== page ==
The number of young people signing on in some parts of Scotland has doubled and in one area trebled in little more than a year, new figures show.

Statistics also revealed that 10,000 jobs have been lost in the Scottish construction sector in the three months to June.

Labour said the figures showed the Coalition Government’s economic plans were not working and ramped up calls for a so-called Plan B.

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But Tory and LibDem ministers insisted they were sticking to their policies and the most important priority was reducing the budget deficit.

It came as a union accused UK ministers of attempting to exploit the unemployed over plans to make those on the dole for more than two years carry out community service.

The figures for youth unemployment will be seen as particularly worrying. The number of young people unemployed is now touching almost a million across the UK.

The statistics, which break down areas by Westminster constituency, show the UK’s worst affected area is Stirling, where the number of 18-to 24-year-olds claiming jobseekers allowance has more than trebled – from 55 when the Tory-Lib Dem Coalition came to power in May 2010 – to 175 in September.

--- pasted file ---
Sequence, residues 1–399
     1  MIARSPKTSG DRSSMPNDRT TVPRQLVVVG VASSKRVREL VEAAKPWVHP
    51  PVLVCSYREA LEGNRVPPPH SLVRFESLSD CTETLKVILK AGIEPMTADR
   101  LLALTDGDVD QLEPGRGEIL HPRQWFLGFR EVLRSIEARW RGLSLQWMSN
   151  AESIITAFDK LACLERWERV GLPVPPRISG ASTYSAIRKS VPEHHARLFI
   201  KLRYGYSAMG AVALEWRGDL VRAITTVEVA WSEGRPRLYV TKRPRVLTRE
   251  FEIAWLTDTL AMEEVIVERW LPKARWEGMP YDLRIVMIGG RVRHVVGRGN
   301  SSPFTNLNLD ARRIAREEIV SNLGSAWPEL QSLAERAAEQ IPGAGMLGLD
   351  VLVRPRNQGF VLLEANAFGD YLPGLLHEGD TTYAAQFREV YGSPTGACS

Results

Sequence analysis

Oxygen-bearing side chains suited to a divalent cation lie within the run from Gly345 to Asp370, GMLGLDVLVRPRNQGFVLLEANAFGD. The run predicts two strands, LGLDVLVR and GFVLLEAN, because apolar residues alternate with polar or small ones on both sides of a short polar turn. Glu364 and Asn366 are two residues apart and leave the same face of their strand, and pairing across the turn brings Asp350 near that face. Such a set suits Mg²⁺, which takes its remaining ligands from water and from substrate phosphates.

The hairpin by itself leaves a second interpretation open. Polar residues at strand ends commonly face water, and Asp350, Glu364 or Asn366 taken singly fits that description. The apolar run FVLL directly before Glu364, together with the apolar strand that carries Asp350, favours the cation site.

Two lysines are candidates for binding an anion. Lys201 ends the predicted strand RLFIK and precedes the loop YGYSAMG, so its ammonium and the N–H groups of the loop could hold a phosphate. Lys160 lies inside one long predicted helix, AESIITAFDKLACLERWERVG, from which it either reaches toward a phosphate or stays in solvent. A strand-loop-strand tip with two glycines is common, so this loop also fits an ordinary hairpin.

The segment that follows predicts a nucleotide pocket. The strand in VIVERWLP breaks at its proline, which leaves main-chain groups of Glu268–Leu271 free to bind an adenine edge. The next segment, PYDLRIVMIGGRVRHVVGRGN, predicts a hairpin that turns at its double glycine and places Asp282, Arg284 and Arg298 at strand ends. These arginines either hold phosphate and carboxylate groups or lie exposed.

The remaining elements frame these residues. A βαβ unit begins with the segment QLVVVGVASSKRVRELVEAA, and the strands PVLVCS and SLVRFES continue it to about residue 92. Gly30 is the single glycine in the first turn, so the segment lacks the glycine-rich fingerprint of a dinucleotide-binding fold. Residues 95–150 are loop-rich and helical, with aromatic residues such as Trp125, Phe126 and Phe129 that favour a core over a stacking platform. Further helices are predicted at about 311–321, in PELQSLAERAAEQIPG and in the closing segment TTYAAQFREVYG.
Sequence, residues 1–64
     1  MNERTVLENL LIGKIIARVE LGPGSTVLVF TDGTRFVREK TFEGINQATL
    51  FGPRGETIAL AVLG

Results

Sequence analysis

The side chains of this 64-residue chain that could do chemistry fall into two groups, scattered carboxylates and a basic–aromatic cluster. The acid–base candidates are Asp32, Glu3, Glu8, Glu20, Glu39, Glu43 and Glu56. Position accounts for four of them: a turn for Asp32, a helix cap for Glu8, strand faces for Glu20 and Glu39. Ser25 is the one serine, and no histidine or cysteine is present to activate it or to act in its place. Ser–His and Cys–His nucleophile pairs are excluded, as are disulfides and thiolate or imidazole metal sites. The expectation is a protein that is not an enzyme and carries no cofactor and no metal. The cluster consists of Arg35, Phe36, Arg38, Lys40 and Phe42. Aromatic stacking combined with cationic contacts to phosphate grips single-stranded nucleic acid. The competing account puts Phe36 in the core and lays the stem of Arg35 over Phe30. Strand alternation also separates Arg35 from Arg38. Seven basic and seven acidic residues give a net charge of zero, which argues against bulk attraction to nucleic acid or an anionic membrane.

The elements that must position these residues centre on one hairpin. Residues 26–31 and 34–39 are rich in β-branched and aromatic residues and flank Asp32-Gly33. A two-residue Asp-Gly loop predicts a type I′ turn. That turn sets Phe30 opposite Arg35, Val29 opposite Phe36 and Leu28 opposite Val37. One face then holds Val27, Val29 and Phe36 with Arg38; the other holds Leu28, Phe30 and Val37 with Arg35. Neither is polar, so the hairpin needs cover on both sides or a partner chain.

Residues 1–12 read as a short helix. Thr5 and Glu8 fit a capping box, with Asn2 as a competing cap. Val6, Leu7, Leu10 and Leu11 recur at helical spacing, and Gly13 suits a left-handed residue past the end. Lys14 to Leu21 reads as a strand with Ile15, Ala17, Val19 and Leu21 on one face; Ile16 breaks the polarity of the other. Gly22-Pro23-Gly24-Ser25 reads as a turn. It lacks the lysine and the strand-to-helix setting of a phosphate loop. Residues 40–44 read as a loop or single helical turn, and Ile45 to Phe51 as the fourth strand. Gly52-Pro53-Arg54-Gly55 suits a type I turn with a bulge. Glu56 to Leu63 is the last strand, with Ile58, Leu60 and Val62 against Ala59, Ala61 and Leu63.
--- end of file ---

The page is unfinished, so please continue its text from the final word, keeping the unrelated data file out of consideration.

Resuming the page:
Youth unemployment almost trebled in Dundee West as well, from 120 to 295. It more than doubled in Falkirk and Aberdeen South, rising from 135 to 310 and 35 to 75 respectively.

Across the UK as a whole the figures jumped 7.9% over the same time period. In more than 30 parliamentary constituencies the figures have more than doubled, but it was only in Stirling where numbers trebled.

Anne McGuire, Labour MP for Stirling, raised the issue at Scottish Questions in the House of Commons yesterday. But Scottish Secretary Michael Moore, said youth unemployment had increased under the last Labour government as well.

The research looked at the number of 18 to 24-year-olds on jobseeker’s allowance for more than six months. Similar figures released earlier this week showed the number of young people out of work has doubled in half of Scottish local council areas since 2007.

Labour’s Shadow Scottish Secretary Margaret Curran said: “Scots are facing a double whammy from the Tories cutting too far, too fast and an SNP Government presiding over stagnant growth and risky cuts in capital spending. Scotland has a jobs crisis and a growth crisis.

“If the two governments won’t follow Labour’s five-point plan to boost jobs and growth in Scotland, we need to hear specific new action to bring jobs and growth back to the Scottish economy.”

The row came as Work and Pensions Secretary Iain Duncan Smith refused to quash reports he threatened to resign over possible changes to benefit rises. The former Tory leader sidestepped questions, suggesting he was at loggerheads with the Treasury over claims it was examining ways to halt a big rise in payments next April.

Mr Duncan Smith told the Commons Work and Pensions Committee: “I try not to threaten anything really. I try to do things rather than threaten.”

The claims follow speculation the Treasury is preparing to change how it increases benefits in line with inflation, to save up to £1.8 billion.